Stanley Park and the UBC Museum of Anthropology
Vancouver is very like Seattle, cut up by bodies of water, with lots of bridges connecting everything. The city has been compared to a right hand, pointing west, with a thumb pointing northwest. North of the hand is the Burrard Inlet, separating Vancouver from West and North Vancouver. South of the hand is the North Arm of the Fraser River, separating it from Richmond and the airport. The thumb is downtown, and its tip is Stanley Park.
Below: After a full day of traipsing around downtown, we decided to kick back in the park. The easternmost tip of Stanley Park is Brockton Point. Here there is a stand of First Nations totem poles; the photo shows them, looking south across Burrard Inlet, with downtown Vancouver in the background. In First Nations culture, the carved cedar poles proclaimed clan heraldry. European settlers, characteristically oblivious to the natives' culture, assumed a religious significance, and called them "totem poles".
Below: We're still in Brockton Point. Alison is pictured looking out across Coal Harbor ... a piece of Burrard Inlet formed by Stanley Park and downtown. North downtown is seen in the background.
The University of British Columbia is located on a very large expanse of native rainforest on the northwest tip of the city ... in our hand analogy, it would be the tip of the index finger. Located here is the UBC Museum of Anthropology, which probably has the most complete collection of northwest coast First Nations art. The museum is atypical; its entire collection is open to the public. What is not on display can be seen in a large room full of cabinets, with the collection in drawers. In 1991, we spent nearly an entire day rummaging through this, and running over to the master catalog for all the info on whatever interested us. This collection is still publicly accessible, but other things have changed. The parking lot is now metered, and it cost us f**king $6 CN for the max 2 hours. The rear courtyard, overlooking English Bay and the Strait of Georgia, formerly only had a few totem poles. Now it has houses and structures emulating an actual settlement.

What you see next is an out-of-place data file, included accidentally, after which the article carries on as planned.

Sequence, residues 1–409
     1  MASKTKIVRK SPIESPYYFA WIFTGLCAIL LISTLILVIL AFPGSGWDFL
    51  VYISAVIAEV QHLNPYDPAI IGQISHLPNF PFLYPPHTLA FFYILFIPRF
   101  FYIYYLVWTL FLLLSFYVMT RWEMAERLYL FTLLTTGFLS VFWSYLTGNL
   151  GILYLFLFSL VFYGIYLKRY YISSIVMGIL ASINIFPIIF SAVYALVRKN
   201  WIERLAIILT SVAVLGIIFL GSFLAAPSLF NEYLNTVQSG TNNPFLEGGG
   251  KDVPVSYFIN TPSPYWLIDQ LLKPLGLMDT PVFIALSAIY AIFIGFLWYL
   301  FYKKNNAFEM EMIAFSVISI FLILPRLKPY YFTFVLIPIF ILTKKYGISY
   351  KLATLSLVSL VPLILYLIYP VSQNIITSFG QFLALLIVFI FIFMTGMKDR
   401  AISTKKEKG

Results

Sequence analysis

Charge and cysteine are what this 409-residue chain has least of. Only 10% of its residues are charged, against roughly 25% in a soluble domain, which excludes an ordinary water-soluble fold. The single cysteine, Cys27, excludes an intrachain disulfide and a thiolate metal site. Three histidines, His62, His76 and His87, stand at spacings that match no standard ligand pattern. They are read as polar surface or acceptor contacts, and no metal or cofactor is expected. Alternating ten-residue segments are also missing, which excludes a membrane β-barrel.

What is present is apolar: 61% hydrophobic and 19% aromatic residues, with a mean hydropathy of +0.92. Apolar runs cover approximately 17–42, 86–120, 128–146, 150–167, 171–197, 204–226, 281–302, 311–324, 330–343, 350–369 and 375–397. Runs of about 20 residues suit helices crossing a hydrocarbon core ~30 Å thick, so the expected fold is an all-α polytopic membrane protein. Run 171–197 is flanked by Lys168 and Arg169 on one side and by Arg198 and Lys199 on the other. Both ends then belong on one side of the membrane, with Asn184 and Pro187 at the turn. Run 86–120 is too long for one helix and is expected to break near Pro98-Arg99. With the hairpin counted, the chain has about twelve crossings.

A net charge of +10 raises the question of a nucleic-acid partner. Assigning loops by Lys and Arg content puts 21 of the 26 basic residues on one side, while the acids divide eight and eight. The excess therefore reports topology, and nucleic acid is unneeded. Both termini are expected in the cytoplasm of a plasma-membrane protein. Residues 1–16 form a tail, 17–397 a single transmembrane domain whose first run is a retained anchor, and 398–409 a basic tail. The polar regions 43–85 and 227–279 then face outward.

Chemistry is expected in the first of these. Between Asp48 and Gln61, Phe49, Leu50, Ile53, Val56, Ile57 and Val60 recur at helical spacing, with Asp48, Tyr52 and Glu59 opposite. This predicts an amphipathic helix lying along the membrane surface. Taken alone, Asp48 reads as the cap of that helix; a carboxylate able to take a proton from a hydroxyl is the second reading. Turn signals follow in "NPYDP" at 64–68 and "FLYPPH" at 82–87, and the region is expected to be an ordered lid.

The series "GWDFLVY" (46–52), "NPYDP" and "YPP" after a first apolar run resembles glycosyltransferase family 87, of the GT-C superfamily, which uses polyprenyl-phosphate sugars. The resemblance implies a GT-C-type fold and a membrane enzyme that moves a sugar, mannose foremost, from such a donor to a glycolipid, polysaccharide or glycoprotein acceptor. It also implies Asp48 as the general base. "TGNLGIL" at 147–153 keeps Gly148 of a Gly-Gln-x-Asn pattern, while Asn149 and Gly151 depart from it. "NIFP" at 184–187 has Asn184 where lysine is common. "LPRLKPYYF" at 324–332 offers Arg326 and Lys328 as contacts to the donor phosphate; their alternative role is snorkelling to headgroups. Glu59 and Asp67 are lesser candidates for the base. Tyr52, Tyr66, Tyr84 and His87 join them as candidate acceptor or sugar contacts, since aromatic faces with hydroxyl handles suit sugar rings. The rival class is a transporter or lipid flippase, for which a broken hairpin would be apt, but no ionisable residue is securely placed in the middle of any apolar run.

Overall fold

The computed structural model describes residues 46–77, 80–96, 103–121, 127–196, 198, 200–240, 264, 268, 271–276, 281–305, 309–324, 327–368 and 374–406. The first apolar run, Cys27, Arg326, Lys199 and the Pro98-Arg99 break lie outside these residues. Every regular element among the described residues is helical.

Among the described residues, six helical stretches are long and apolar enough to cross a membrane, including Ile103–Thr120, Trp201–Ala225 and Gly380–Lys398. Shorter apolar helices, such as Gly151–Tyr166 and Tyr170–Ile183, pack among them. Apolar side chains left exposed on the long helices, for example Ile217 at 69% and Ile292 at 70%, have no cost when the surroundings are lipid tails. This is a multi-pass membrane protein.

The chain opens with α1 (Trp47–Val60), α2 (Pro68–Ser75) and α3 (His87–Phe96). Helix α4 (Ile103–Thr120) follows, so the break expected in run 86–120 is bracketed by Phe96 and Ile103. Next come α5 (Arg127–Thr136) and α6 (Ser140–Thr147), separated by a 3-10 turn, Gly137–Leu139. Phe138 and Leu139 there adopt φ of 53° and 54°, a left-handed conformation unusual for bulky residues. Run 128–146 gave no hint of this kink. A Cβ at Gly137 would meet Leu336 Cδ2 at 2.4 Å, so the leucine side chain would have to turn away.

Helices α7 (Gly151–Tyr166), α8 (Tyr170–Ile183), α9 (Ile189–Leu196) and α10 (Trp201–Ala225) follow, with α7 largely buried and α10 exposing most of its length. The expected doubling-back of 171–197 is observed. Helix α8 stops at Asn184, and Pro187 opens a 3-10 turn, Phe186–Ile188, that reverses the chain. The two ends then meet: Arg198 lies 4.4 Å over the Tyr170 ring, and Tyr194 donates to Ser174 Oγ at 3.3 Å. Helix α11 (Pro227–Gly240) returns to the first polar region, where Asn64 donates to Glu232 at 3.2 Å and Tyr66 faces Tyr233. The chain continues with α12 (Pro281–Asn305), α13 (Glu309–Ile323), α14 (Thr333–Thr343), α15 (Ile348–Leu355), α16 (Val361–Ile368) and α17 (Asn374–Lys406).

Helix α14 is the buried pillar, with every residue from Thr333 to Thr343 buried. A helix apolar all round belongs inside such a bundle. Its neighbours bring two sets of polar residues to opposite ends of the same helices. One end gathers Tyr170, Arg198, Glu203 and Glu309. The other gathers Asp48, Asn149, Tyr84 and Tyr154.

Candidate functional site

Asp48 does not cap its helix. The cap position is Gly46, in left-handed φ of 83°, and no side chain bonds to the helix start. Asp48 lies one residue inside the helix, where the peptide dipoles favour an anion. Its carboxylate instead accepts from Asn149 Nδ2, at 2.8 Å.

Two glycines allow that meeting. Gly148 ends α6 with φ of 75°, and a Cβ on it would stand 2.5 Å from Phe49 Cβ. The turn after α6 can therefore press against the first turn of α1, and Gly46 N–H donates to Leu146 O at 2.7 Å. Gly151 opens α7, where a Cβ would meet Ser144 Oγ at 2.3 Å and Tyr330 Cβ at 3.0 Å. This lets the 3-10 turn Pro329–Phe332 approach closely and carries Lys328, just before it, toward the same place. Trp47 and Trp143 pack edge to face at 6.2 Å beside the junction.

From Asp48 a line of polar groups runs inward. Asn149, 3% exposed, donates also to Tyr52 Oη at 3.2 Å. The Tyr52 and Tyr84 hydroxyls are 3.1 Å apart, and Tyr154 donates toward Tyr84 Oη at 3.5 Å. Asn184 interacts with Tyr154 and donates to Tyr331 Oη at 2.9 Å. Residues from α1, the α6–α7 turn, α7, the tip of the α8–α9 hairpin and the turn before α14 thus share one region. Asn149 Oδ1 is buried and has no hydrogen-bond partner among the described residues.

Below left: Alison stands at the portals to the courtyard. Below right: John auditions as a totem pole scary critter.
Below: contemporary Haida artist Bill Reed's The Raven and the First Men. Reed, along with other artists, carved this from a huge block of laminated yellow cedar. It depicts the Haida creation tale, where Raven finds a large clamshell, and liberates the First Humans within.
Since John has been a young lad, he has been fascinated by Northwest Coast, Southwest, and Celtic art and ornament. They are all highly structured, yet based in complex curves and spirals ... and all are extremely powerful expressions. Fortunately, there are several really good contemporary First Nations artists carrying on the tradition, but morphing it into the 21st century.